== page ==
It really does seem that the only remaining difference between Neoliberalism and Fascism is a slightly more liberal social policy outlook – although even that might be debatable in some cases.
I now discover that whereas Hitler started the privatisation lark, his Fascist colleague, Benito Mussolini, started the Private Finance Initiative (PFI).
Admittedly, it wasn’t dressed up in quite such fancy terms, but it was definitely exactly the same method of keeping debt off the books.
Mussolini resorted to a subterfuge to pay contractors without increasing his budget. He would make a contract with a private firm to build certain roads or buildings. He would pay no money but sign an agreement to pay for the work on a yearly instalment plan. No money was paid out by the government. And hence nothing showed up on the budget.
In reality, therefore, the government had contracted a debt just as much as if it had issued a bond. But because no money was exchanged the whole transaction was omitted from the treasury’s books. However, after making such a contract, each year the government had to find money to pay the yearly instalments which ran from ten to fifty years. In time, as the number of such contracts increased, the number and amount of the yearly payments grew: by 1932 he had obligated the state for 75 billion lire of such contracts!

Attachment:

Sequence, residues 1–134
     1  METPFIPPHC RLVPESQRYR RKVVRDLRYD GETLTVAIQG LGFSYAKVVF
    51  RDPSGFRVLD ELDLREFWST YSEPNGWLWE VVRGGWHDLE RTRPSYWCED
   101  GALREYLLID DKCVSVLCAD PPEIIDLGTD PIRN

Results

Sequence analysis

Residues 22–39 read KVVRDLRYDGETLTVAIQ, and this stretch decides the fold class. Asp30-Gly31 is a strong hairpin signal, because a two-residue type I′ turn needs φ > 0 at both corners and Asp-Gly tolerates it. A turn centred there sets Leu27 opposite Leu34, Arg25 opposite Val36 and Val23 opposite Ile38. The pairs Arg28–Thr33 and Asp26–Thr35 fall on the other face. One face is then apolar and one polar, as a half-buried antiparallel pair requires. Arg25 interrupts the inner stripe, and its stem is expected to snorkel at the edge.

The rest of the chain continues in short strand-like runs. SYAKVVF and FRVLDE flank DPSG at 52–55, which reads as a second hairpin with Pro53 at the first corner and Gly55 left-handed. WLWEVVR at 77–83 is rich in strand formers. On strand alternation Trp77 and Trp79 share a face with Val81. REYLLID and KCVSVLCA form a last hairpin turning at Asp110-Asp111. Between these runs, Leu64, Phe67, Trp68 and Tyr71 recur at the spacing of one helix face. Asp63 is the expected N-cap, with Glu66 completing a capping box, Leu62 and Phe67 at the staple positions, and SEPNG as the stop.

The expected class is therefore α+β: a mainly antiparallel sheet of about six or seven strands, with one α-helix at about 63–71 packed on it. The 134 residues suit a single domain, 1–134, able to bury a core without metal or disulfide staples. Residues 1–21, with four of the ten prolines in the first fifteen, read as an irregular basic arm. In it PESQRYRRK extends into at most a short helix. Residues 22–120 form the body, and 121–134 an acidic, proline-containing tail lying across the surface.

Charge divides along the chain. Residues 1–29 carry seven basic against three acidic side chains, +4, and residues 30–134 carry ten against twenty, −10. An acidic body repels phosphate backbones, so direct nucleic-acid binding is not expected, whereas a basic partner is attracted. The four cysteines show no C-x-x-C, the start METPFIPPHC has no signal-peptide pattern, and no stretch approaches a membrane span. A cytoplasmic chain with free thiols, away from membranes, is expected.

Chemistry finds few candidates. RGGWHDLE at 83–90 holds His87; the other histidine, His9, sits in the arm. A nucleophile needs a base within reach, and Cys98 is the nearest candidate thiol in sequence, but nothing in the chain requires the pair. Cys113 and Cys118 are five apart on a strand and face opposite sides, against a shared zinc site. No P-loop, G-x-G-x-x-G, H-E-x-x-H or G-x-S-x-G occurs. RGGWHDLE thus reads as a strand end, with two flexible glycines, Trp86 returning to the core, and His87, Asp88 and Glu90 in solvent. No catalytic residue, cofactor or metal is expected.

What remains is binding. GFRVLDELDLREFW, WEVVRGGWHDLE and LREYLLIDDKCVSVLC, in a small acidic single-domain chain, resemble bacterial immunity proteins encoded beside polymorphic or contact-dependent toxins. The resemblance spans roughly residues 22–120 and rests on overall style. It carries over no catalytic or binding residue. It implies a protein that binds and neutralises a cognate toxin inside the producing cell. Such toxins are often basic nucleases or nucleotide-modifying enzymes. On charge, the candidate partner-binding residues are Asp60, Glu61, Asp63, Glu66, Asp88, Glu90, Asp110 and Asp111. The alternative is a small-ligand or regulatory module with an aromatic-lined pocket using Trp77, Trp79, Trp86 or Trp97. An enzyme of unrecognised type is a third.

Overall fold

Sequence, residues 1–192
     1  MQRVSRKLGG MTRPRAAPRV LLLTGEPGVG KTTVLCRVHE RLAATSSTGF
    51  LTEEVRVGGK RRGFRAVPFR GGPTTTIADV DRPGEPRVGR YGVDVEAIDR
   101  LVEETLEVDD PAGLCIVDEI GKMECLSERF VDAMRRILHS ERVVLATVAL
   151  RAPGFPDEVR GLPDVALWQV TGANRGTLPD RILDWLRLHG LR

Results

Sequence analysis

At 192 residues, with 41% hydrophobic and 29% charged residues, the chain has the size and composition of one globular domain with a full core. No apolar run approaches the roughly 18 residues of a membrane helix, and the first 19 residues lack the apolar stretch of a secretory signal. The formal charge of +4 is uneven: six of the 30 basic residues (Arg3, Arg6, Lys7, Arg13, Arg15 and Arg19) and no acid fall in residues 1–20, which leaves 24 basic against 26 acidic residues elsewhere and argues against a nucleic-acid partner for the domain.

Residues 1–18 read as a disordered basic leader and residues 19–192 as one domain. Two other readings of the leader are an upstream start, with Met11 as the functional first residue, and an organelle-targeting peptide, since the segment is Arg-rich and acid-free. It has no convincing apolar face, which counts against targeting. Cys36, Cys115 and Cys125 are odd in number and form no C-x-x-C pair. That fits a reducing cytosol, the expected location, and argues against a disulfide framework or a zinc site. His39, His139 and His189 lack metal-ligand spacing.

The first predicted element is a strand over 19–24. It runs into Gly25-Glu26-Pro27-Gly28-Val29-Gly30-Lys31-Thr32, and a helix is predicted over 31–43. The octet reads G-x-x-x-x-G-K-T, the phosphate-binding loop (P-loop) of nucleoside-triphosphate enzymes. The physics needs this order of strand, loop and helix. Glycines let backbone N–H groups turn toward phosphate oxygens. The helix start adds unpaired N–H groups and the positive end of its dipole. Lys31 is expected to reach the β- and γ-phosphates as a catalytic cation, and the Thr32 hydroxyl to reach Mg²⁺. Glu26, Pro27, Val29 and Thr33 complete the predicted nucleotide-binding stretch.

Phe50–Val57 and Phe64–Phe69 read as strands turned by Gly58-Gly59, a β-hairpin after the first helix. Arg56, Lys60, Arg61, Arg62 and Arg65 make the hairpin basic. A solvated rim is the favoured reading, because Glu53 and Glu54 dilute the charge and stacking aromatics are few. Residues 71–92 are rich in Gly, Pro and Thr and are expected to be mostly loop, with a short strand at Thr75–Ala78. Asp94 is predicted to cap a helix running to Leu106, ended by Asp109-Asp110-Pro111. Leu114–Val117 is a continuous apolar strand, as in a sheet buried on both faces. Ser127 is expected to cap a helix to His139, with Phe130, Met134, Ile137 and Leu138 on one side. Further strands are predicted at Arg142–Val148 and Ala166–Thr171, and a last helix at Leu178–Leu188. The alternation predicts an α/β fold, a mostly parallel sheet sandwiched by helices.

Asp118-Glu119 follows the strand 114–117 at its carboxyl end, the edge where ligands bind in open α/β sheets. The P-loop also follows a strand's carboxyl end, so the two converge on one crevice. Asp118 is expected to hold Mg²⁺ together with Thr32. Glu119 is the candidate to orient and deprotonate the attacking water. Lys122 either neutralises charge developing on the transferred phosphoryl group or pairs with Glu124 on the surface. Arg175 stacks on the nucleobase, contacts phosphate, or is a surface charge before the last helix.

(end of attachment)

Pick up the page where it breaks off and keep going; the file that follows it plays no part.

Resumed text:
As with PFI payments in the UK, those billions will have to be paid for decades to come. And again, as with PFI, what Mussolini’s debt ‘innovation’ did was conceal from the people the fact that he was plunging the nation ever deeper into debt.
All this was actually written up in ‘Private Eye’ from 2007.
Sorry I’m so late.